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a critique of behavioralism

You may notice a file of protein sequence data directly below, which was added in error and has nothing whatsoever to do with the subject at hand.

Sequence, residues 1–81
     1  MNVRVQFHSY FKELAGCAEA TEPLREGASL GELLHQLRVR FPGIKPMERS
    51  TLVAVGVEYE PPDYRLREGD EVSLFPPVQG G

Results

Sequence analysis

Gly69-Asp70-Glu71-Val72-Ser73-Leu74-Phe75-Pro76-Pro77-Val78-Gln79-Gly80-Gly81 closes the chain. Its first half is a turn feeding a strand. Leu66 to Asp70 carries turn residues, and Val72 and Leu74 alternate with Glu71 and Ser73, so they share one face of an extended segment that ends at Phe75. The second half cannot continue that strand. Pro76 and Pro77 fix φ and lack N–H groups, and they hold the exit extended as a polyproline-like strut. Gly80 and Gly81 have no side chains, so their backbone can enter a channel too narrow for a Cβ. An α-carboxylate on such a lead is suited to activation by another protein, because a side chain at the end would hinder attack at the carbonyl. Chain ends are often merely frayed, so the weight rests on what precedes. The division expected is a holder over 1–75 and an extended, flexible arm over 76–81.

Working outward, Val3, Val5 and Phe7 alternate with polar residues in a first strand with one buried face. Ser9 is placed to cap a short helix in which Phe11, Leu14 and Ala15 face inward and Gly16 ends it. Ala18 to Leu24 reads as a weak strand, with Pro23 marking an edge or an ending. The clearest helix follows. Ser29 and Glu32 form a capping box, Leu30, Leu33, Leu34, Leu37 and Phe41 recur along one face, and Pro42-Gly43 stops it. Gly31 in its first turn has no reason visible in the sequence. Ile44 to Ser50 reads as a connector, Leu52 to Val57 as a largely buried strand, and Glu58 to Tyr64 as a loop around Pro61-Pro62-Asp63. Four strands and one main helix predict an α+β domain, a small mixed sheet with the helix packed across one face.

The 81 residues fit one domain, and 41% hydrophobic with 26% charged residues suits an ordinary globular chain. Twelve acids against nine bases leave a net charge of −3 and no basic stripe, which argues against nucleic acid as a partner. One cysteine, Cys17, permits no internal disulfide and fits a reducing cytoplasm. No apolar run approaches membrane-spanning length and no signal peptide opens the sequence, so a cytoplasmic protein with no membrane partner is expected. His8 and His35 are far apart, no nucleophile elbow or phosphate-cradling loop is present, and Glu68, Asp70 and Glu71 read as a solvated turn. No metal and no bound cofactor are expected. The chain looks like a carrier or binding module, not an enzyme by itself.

To unravel the discursive and rhetorical strategies and reflect on their implications is important at least in three ways. First, the proponents of behavioralism after WW II explicitly aimed at rooting out all the so-called unscientific elements from the making of science, and highlighting the prominence of rhetorical imagination in this endeavour means to point at a tension at its very heart. Yet ‘rhetoric’ in this essay is not understood in the pejorative sense of deliberate deception or misleading of the audience. Instead, following research most notably in economics, sociology and psychology, I will discuss rhetoric in this context as ways in which scientific writing uses extensively common rhetorical strategies such as construction of ethos, authoritative point of view, style, metaphor, etc., as to maximise its potential to persuade (McCloskey 1985, McCloskey 1994, Gusfield 1992). Hence, rather than deeming these interconnected efforts of persuasion as discrediting, the ultimate aim of the essay is to criticise naïve and implicit disciplinary rhetoric, as opposed to a more self-aware, learned and explicit wordcraft. Secondly, these efforts to strengthen one’s scientific case with wordcraft in the case of mid-century political science were entwined with a number of other ways in which researchers sought to forcefully and persuasively open up the scientific – but also the public – political imagination. Two among the most explicit examples are, as the essay argues, the utterances regarding interdisciplinary fantasies and the socio-political ambitions of the newly ‘rigorous’’ political science. These two, especially in their appeal to their imagined scientific and social engineering potential, similarly functioned as strategies of persuasion. The highly exaggerated expectations, polemical character and at times problematic implications of these fantasies and ambitions was, interestingly, later acknowledged by some of the innovators t